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Multipolarity: The Classical Balance of Power System

by: Kerrigan Unter

Multipolarity: The Classical Balance of Power System PSC 1003

Marketplace > George Washington University > Political Science > PSC 1003 > Multipolarity The Classical Balance of Power System
Kerrigan Unter
GPA 3.0
Introduction to International Politics
Olson, L

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Introduction to International Politics
Olson, L
Class Notes
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This 2 page Class Notes was uploaded by Kerrigan Unter on Monday October 19, 2015. The Class Notes belongs to PSC 1003 at George Washington University taught by Olson, L in Fall 2015. Since its upload, it has received 17 views. For similar materials see Introduction to International Politics in Political Science at George Washington University.

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Date Created: 10/19/15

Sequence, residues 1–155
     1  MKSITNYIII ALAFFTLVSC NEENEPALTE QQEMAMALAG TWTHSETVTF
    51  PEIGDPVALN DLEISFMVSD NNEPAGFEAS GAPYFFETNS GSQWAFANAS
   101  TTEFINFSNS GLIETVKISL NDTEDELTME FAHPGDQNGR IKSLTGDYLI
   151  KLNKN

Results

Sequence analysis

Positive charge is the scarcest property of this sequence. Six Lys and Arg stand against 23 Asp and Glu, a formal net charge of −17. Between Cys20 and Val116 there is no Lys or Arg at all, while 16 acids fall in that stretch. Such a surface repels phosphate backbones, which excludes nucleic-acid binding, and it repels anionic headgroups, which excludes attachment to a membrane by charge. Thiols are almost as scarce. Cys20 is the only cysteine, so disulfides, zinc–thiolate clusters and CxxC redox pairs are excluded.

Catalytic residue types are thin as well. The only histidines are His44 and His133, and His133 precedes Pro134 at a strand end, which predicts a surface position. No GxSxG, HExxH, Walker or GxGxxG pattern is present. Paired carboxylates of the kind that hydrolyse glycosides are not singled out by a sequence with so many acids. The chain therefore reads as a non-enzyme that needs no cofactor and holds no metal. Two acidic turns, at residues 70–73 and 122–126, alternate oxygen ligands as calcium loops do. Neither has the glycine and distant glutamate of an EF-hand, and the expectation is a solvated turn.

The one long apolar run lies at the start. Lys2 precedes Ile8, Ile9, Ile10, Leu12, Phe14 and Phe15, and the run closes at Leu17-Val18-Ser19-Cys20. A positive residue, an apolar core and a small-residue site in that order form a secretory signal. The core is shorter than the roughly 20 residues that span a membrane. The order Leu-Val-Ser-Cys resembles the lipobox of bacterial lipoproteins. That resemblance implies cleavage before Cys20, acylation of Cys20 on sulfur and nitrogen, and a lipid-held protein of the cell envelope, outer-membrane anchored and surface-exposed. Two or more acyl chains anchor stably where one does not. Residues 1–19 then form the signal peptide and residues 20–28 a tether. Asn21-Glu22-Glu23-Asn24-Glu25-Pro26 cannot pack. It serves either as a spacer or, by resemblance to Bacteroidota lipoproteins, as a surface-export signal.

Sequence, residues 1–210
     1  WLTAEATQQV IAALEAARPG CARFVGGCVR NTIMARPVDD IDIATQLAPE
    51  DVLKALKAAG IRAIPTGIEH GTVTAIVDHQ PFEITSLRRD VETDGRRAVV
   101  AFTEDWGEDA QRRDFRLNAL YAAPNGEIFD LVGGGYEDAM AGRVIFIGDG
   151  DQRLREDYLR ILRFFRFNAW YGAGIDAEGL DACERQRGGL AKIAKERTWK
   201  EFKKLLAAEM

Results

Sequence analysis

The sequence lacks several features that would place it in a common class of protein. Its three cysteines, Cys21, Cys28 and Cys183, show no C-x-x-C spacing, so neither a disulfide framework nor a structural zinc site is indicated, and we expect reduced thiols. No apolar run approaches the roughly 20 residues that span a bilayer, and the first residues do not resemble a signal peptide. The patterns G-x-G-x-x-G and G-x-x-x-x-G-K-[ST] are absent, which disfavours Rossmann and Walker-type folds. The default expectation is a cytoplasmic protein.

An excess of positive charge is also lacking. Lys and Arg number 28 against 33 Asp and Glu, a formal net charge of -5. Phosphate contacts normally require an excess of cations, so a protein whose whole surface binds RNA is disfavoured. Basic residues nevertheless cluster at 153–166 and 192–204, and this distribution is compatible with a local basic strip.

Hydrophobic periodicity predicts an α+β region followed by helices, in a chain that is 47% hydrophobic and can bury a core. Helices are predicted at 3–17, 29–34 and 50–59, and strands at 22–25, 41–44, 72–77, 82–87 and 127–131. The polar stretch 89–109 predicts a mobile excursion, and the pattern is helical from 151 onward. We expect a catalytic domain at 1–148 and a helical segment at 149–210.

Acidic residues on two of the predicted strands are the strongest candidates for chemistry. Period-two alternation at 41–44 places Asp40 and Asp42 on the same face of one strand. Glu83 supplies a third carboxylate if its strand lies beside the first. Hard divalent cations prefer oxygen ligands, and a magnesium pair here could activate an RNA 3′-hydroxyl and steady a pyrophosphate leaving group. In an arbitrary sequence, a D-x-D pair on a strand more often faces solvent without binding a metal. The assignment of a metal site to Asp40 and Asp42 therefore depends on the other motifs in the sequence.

PSC 1003 Multipolarity The Classical Balance of Power System The Balance of the Power System emerged after the Napoleonic Wars with the creation of the Concert of Europe sought to insure that no state would achieve hegemonic status as France had under Napoleon prevented a general European War until the outbreak of World War I The Great Powers Britain France Russia Prussia Germany after 1871 and Austria AustriaHungary after 1848 Rules of the Balance of Power System no state can be allowed to achieve a preponderance of power and become a hegemonic power states will continue to compete for power but their action is constrained by the other Great Powers Each state will act to insure that no other state gains too much This is motivated primarily by the security dilemma Alliances will be temporary and utilitarian to prevent any state from gaining too much Most importantly each Great Power must be willing to all with any other Great Power when the equilibrium of the systems is in jeopardy negotiation is better than fighting but war is seen as an acceptable tool of foreign policy if it is needed to maintain balance preservation of sovereignty and independence is limited to the Great Powers Each will seek to preserve each other s sovereignty However secondary powers can be divided if it serves the interest of maintaining peace presence of a balancer state Stability ofMultipolar Systems defensive realists argue that multipower systems are stable If states are engaging in power balancing behavior more players facilitates this tendency and states are more constrained offensive realists argue such systems are too complex and too prone to catastrophic miscalculation If states are engaging in power maximizing behavior simpler systems like the bipolar system are more stable The Alliance System a system of shifting entangling and often secret alliances between Great Powers and between Great Powers and secondary powers developed by Otto von Bismark with the intention of insuring stability in the balance of power system stability could be achieves by effectively constraining state action while still allowing states to compete for resources and power Causes of World War I German unification Completed with the end of the FrancoPrussian War in 1871 This war would definitely change the balance of power since France and Germany would become permanent enemies German fear of a twofront war Exacerbated by the FrancoRussian alliance in 1894 Russia weakness particularly compared to Germany Germany s development of the Von Schlieffen plan Outbreak of World War I proximate cause the assassination to Archduke Franz Ferdinand by Serbian nationalists in Sarajevo Led AustriaHungary to issue an ultimatum to Serbia Serbia would accept all but one condition leading AustriaHungary to declare war the entangling alliances draw the Great Powers into con ict and Germany sets the Von Schlieffen plan in motion Germany fails to conquer France getting bogged down in trench warfare on the Western Front resulting in the twofront war Germany feared Realist Explanations preemptive war By 1914 a bipolar system had emerged in Europe Germany sought to act to restore a perceived imbalance in power between the Triple Alliance and the Triple Entente Preventive war Germany sought to rectify a future imbalance namely an eventual increase in Russian power Power transition Germany sought to challenge Britain for hegemonic status responding to a progressive decline in British power


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